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Greg Prince and Jason Fry
Faith and Fear in Flushing made its debut on Feb. 16, 2005, the brainchild of two longtime friends and lifelong Met fans.

Greg Prince discovered the Mets when he was 6, during the magical summer of 1969. He is a Long Island-based writer, editor and communications consultant. Contact him here.

Jason Fry is a Brooklyn writer whose first memories include his mom leaping up and down cheering for Rusty Staub. Check out his other writing here.

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Oh, And The Mets Lost

Some Metsian bookkeeping from Memorial Day 2012, when the caps were ugly and Jon Niese didn’t look much better:

Jack Egbert, a righthanded reliever with a last name reminiscent of a weird comic I recall from my childhood (all the single-panel action took place in utero), pitched two-thirds of the ninth inning, making him the 930th Met since there have been Mets; the 35th Met to see action since Opening Day; the thirteenth new Met of 2012; and the 183rd Met to debut as a Met since Faith and Fear in Flushing began blogging.

Vinny Rottino became the Mets’ 149th third baseman, or the twentieth to first try his hand at the position since David Wright made the traditional comical tracking of every Met who ever took an ultimately futile turn at the hot corner largely a thing of the past. One-timers since July 21, 2004, include Andy Green, Wilson Valdez, Josh Satin, David Newhan and Eli Marrero. I guess it’s still a little comical.

• Wright played shortstop for the second time as a Met, but while nobody can doubt he’s what they used to call a good team man, David’s no shortstop. At least on a potential 1-6-3 DP he wasn’t. But he’s David Wright and it was an emergency, so we won’t hold it (or his alarmingly sudden sub-.400 average) against him.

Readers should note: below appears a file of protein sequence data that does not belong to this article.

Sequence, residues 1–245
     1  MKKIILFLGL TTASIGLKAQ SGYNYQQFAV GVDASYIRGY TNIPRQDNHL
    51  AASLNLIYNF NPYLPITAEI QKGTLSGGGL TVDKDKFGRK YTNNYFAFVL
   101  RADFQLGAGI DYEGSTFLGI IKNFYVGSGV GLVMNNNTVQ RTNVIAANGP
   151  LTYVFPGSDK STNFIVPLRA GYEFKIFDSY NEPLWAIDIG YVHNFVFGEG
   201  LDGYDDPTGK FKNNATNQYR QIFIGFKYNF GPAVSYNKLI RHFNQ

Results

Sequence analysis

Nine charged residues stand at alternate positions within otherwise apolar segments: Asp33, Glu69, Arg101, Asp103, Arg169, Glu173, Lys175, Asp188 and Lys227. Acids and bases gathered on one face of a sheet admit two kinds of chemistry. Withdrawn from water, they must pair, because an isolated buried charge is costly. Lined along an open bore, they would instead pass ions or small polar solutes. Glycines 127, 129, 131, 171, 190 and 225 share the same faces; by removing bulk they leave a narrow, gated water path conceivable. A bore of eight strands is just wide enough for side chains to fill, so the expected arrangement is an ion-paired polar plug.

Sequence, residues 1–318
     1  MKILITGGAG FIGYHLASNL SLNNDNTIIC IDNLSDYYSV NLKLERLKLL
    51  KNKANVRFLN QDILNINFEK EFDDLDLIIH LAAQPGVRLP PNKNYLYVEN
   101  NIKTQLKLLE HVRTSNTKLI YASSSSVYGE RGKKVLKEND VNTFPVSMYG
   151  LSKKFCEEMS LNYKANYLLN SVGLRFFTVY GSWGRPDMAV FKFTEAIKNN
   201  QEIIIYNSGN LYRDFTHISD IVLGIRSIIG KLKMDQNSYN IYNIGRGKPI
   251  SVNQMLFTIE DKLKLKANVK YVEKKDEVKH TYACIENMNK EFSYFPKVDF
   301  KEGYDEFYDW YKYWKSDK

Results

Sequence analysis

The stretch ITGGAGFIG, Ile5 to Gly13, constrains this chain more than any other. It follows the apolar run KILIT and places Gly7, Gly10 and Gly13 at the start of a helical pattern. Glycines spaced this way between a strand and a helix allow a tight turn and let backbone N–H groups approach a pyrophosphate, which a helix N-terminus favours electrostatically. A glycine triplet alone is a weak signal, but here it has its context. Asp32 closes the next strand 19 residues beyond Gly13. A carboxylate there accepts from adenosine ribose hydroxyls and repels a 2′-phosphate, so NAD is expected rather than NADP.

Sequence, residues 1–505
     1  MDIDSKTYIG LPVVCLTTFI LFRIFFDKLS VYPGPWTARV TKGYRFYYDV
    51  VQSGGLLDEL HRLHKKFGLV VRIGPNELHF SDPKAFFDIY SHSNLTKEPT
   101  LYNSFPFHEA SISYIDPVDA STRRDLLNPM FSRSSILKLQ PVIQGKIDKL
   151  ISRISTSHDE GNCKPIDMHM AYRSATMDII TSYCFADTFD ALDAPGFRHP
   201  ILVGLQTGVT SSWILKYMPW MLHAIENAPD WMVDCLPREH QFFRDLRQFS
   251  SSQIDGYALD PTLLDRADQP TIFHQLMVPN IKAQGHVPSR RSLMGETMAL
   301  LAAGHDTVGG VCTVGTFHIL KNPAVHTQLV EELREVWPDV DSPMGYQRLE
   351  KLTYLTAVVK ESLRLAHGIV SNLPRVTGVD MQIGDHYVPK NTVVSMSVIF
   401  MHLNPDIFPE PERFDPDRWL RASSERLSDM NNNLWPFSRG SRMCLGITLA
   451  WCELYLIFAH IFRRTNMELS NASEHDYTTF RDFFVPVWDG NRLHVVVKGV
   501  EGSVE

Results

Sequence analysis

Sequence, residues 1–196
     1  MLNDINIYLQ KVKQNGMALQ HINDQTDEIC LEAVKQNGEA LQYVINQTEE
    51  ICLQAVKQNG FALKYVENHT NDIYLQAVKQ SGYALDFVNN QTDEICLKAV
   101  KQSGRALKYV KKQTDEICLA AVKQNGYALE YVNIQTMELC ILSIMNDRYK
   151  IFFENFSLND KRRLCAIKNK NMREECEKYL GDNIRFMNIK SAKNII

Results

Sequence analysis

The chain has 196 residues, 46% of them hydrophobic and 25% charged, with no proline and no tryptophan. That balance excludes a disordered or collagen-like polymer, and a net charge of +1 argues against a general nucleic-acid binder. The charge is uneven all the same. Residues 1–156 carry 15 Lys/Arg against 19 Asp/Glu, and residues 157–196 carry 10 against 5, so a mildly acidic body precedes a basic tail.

• The Mets have three shortstops, none of whom is available to play. Ruben Tejada is rehabbing. Ronny Cedeño is day-to-day. Justin Turner, after tripping over first base, is on the DL. (The Mets’ last full-time starting shortstop, the one alleged to be overly injury-prone, has played in 48 of his team’s 49 games thus far this season.) Omar Quintanilla is en route from Buffalo to become Met No. 931 Tuesday night.

Chris Schwinden is also coming, presumably to replace Manny Acosta on the roster. Technically this is a pitcher supplanting another pitcher, but if you’ve seen these guys pitch in 2012, you’d question those job titles.

• Two days after becoming a member of Club Hessman — so named for minor league slugger Mike Hessman, whose home run on August 6, 2010, wound up being his only Met home run — Rottino has exited the group, thanks to homering again, if barely. Current Mets who remain club members in good if mostly powerless standing: Cedeño, Andres Torres, Jordany Valdespin, Mike Baxter, Tejada and Johan Santana. Charter members, from 1962, are Gus Bell, Hobie Landrith, John DeMerit and Rick Herrscher.

Scott Hairston has taken sole possession of thirteenth place on the all-time Mets Citi Field home run list with four. One more dinger will tie him with Gary Sheffield and Rod Barajas for eleventh. One more after that will earn him a share of tenth place with…any guesses? Yes, that’s right: Fernando Tatis. Wright tops the chart with 25 blasts since 2009, giving him a ten-tater edge over Angel Pagan, who himself is one ahead of Carlos Beltran and two up on Ike Davis and Jose Reyes. Daniel Murphy’s next home park home run — he awaits his first homer of 2012 anywhere — will make him the sixth Met to reach double-figures lifetime at Citi Field. The same can be said for Jason Bay, who I’m told, somewhat surprisingly, is still a Met.

• With six runs batted in to lead the Phillies to an 8-4 victory Monday, Ty Wigginton, a Met between 2002 and 2004, has officially expended all residual goodwill from his heretofore moderately fondly recalled Shea tenure and should now feel free take a hike.

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